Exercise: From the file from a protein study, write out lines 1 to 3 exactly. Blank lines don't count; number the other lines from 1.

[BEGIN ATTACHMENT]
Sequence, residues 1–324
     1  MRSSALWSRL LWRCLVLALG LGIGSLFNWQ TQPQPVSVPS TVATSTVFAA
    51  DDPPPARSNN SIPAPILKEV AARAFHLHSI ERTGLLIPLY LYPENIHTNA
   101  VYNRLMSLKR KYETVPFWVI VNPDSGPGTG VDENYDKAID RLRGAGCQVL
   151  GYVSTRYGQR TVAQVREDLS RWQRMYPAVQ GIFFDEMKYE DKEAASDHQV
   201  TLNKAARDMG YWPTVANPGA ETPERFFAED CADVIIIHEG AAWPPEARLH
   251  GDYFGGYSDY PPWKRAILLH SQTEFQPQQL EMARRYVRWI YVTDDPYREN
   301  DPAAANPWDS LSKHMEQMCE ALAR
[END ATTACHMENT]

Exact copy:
Sequence, residues 1–324
     1  MRSSALWSRL LWRCLVLALG LGIGSLFNWQ TQPQPVSVPS TVATSTVFAA
    51  DDPPPARSNN SIPAPILKEV AARAFHLHSI ERTGLLIPLY LYPENIHTNA